Financial costs and economic tradeoffs of alternative manure management policies on dairy and dairy/poultry farms in Rockingham County, Virginia

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Virginia Tech

This study examines farm-level financial costs and environmental benefits from three alternative manure management policies, incorporating all manure (INCORP), limit nitrogen applications to agronomic recommendations (NLIMIT), and phosphorus applications limited to crop removals (PLIMIT), on representative 60, 100, and 150-cow dairy and dairy/poultry farms. Current nutrient applications are manure-based, with each farm substituting poultry litter for commercial fertilizer. Potential field-level nutrient losses estimated by EPIC, a soil/plant growth simulation model, indicate the highest nitrogen losses on grass hay and pasture and the highest phosphorus losses on no-till com. The highest nutrient applications and nutrient losses occur on the 60 and 100-cow dairy/poultry farms. INCORP is ineffective at significantly lowering nutrient losses. NLIMIT reduces nitrogen losses by 30% and phosphorus losses by 6%. PLIMIT is the most effective policy, lowering both nitrogen and phosphorus losses over 34%. The largest farm-level reduction in nutrient losses is on the 60-cow dairy/poultry farm. Ryelage was the only crop yield that varies under the alternative policies. Financial simulation with FLIPSIM indicates that INCORP and NLIMIT do not affect farm financial performance. PLIMIT reduces farm net cash income and ending net worth as farms substitute commercial fertilizer for poultry litter. PLIMIT does not cause dairy farms to go out of business but does significantly reduce their cash available for family living expenses below minimum requirements. Dairy/poultry farms maintain adequate cash incomes under PLIMIT. PLIMIT lowers net cash income on all county dairy and dairy/poultry farms by 8% to 16% under litter disposal costs of $10 to $40 per ton. The smaller land-intensive 60-cow dairy/poultry farm has the largest decrease in cash income while the smallest decrease is on the 150-cow dairy/poultry farm. The 100 and 150-cow dairy/poultry farms maintain higher ending net worth than corresponding size dairy farms at disposal costs of $40 per ton. County net cash farm income declines by $2.57 to $5.16 per pound of reduced nitrogen losses and $15.68 to $31.44 per pound of reduced phosphorus losses. The study indicates that NLIMIT reduces nitrogen losses without affecting farm incomes whereas reducing both nitrogen and phosphorus losses under PLIMIT substantially reduces farm income. Nutrient management plans need to be directed at smaller land-intensive farms to achieve substantial nutrient loss reductions.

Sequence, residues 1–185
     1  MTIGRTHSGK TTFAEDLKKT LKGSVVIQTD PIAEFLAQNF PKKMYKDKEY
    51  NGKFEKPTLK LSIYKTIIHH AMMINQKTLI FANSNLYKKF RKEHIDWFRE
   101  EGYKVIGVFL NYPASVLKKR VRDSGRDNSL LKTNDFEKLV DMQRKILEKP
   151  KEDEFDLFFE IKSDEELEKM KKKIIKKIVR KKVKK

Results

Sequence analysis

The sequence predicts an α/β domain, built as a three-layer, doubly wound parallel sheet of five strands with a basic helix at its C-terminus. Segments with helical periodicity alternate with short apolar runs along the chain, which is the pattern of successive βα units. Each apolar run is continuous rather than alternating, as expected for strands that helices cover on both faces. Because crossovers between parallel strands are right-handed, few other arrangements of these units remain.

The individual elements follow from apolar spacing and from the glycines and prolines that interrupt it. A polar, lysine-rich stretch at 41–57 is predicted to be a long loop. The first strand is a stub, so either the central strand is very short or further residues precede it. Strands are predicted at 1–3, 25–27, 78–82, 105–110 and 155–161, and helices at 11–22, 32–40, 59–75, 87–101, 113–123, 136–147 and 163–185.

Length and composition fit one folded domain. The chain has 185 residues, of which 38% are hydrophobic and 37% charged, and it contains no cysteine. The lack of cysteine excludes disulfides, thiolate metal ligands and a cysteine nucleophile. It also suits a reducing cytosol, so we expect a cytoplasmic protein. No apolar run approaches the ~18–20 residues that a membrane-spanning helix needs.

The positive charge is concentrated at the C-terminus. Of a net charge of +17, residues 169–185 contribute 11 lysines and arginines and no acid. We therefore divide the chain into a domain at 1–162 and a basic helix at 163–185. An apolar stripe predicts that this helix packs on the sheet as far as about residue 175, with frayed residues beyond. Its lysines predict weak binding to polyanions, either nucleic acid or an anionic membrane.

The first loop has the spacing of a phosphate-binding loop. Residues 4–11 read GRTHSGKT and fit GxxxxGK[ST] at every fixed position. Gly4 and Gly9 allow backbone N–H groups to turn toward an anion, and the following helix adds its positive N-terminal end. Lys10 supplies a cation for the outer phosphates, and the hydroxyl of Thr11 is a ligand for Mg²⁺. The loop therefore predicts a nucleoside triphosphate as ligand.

Water quality, Simulation, nutrients, Phosphorus, Nitrogen